* Students can interact with clients with significant issues that challenge problem-solving skills.
Our goal has been to establish durable, win-win relationships with community partners. Organizing and maintaining this type of affiliation requires considerable face-to-face contact and follow-up. Time must be allotted to meet community partners' administrators and clients, to ask questions and gain understanding of missions and methods, and to allow them to ask similar questions of us. Debriefing at the conclusion of service-learning cycles is also important. We ask the following questions: How did our students do? Did their projects meet your needs? Is there anything we can do differently next time? Has working with us been convenient for you?
Careful consideration of criteria, coupled with thoughtful initiation and management of relationships, helps assure the quality of service learning for both students and partners.
Application: What Do Students Learn?
Before service learning can be fully embraced as a core component of professional curricula, proponents must show evidence that it results in actual learning. Eyler and Giles3 described learning as a process that prepares students to understand the environment around them. Information that is grounded in an environmental context forces the learner to synthesize rather than compartmentalize. According to Seifer,10 "Students involved in service learning are expected to not only provide direct community service but also to learn about the context in which the service is provided, the connection between the service and their academic coursework, and their roles as future health care providers."
Traditional classroom education can lead students to expect that even the most difficult problem can be solved once theory and factual knowledge are adequately understood. A subtle disconnect can develop between what students "know" and the reality students "see" around them. Immersion in the community via service learning forces allied health students to grapple with complex questions concerning inequities in the distribution of health care resources or how to best prepare clients to live and function in their desired environments. This encourages them to move beyond goals of "fixing" complex community issues toward understanding that change will be more effective if it comes from within the community. Seifer10 affirmed, "Students are learning about the community's strengths and needs, and they are learning that people in these communities are very well aware of their own needs."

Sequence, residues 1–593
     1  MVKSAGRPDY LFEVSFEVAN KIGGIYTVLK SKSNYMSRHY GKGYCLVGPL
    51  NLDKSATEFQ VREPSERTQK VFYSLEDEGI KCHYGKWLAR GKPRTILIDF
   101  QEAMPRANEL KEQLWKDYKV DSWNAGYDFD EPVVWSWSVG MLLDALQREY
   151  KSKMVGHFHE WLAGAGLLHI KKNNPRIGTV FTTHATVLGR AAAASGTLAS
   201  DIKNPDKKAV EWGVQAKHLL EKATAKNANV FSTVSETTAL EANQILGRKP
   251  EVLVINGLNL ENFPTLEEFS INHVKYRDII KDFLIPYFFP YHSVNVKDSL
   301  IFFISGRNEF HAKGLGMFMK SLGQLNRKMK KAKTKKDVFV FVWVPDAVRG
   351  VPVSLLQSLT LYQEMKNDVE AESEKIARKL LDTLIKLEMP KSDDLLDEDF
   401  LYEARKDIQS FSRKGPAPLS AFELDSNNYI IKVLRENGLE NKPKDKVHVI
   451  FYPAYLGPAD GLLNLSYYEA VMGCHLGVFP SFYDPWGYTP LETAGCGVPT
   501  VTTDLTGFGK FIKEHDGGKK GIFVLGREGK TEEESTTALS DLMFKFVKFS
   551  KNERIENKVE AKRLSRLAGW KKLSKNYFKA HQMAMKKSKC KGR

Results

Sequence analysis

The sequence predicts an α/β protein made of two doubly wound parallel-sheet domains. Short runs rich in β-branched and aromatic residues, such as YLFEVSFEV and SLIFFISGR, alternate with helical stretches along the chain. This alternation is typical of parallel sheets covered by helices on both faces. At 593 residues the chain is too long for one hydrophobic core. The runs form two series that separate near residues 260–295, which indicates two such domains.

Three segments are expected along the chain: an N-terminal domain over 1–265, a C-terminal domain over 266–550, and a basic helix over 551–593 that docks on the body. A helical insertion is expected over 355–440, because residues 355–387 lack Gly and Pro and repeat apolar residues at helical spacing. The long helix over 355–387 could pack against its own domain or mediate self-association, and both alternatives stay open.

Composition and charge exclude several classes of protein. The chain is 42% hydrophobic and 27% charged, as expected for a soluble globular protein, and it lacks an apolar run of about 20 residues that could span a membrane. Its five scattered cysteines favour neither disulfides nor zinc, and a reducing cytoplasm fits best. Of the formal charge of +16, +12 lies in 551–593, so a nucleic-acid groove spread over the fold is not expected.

Inclusion of community-based projects in a curriculum is not an automatic guarantee that students will benefit from these experiences. Impassioned participation is essential to transform service learning from merely a required performance to a personal connection between students and community. In their first semester, our entry-level occupational and physical therapy students seek out an individual from the community and spend the semester identifying and then engaging in community-based activities that the partner values and finds meaningful. Feedback from our students engaged in service-learning projects indicates that they are able, and indeed eager, to allow this transformation to occur.
* "[This] has changed my perspective on so many things. I hope to always remember the powerful effect that each one of us can have on another's life simply by being there."
* "Even the smallest act of just listening to someone or doing something to pay attention to their needs can make more of a difference than we may ever know."
* "Our goals must be common for them to [ever] be fully achieved."
These statements provide ample evidence that service-learning projects can teach valuable lessons to our students. These lessons will directly influence how they practice and interact with their community as therapists.